Tuesday, August 23, 2011

Men without Women: South Korea and Taiwan Respond

The fate of countries and societies that choose to give preference to male births are topics that have come up often. Infanticide and selective abortion are the usual means by which imbalanced birth rates are maintained. One of the societal consequences of this policy is that a large number of men end up without the option of having a mate. This trend has raised all sorts of speculation as to the possible consequences, including world-wide wars and massive increases in female bondage in the sex trade.

The Economist produced a long article, The Flight from Marriage, which explores a number of demographic trends in Asia. The principle focus was on the tendency of Asian women to marry later in life—if at all. There are a number of factors contributing to this trend. It makes interesting reading, and probably will be discussed here in the future. The Asian countries are generally those with the greatest male-to-female ratios. This trend away from marriage can only exacerbate the problem of men not being able to find women to mate with. The article touches on this issue, briefly.

The article refers to a book edited by Melody Lu and Wen-Shan Yang, Asian Cross-Border Marriage Migration. These details are provided:

“....27% of Taiwanese marriages in 2002 involved foreign women; one in eight births that year was to a “mixed” family. Many girls are illiterate teenagers sold (in practice) by their families to older, richer foreigners. Back in their home villages, therefore, young men’s marriage chances are lower. Arranged marriages with foreigners fell in Taiwan after the government cracked down on them, but they continue to rise elsewhere.”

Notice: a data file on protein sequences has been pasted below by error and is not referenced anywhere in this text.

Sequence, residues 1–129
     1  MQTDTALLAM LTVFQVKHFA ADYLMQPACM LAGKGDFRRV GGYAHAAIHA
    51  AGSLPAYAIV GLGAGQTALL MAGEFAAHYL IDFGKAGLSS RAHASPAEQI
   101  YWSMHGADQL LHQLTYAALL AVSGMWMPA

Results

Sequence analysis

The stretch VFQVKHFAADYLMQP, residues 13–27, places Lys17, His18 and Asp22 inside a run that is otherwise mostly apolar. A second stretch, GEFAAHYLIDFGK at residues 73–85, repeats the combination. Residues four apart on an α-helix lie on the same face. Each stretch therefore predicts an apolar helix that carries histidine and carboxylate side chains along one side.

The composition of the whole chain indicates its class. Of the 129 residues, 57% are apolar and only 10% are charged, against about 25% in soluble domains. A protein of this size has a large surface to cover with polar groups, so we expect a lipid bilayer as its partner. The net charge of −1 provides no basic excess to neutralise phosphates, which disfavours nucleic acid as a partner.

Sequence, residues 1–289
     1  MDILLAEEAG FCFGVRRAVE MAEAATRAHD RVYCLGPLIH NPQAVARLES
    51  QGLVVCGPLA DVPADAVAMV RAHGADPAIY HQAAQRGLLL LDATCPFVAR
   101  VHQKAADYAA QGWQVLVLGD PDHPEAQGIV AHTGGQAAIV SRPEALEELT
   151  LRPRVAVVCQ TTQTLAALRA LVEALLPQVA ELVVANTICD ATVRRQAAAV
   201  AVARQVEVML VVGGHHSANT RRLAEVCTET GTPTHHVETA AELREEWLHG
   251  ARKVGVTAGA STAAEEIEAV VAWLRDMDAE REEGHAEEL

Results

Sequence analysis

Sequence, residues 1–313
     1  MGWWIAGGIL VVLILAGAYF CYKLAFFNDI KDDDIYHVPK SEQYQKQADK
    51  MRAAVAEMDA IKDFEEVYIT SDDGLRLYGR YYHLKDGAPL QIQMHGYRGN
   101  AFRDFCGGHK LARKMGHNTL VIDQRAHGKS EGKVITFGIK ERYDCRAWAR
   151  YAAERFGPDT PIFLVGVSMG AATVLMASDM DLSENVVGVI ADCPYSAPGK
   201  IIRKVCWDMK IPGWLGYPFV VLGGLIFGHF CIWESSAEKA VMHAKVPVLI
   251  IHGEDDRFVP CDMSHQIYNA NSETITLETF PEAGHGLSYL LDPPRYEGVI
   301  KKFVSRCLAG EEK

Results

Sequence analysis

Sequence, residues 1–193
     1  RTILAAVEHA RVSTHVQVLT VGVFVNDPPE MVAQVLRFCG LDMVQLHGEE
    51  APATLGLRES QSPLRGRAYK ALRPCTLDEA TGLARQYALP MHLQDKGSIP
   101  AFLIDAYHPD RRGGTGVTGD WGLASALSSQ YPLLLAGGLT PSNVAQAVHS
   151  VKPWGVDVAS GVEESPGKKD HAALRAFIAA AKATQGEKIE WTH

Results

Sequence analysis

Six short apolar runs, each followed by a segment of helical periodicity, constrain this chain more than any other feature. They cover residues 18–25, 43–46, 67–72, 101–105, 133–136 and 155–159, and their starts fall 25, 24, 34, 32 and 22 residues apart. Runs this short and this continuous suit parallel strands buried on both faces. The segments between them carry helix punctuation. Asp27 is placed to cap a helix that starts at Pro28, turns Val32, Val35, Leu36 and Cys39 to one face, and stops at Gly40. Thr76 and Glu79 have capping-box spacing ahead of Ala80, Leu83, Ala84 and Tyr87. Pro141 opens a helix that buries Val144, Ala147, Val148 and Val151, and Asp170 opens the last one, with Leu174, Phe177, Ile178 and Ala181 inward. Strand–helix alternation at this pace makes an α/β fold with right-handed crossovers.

“In South Korea, one-seventh of marriages in 2005 were to “Kosians” (Korean-Asians). In rural areas, the share is higher: 44% of farmers in South Jeolla province who married in 2009 took a foreign bride.”

Note that these are cultures that have never taken kindly to “mixed” marriages and to children of mixed marriages—or to foreigners of any flavor. These could not have been easy decisions for the individuals involved to make. This is a trend that is bound to cause significant societal tension. The fact that this choice is already being made indicates that there is already considerable demographic pain being felt. If people in these relatively small countries have begun to act, can others be far behind?

The Economist reminds us that not all processes scale.

“If China or India were ever to import brides on this scale, it would spread sexual catastrophe throughout Asia. As it is, that catastrophe may be hard to avoid.”

This situation is going to get way too interesting.

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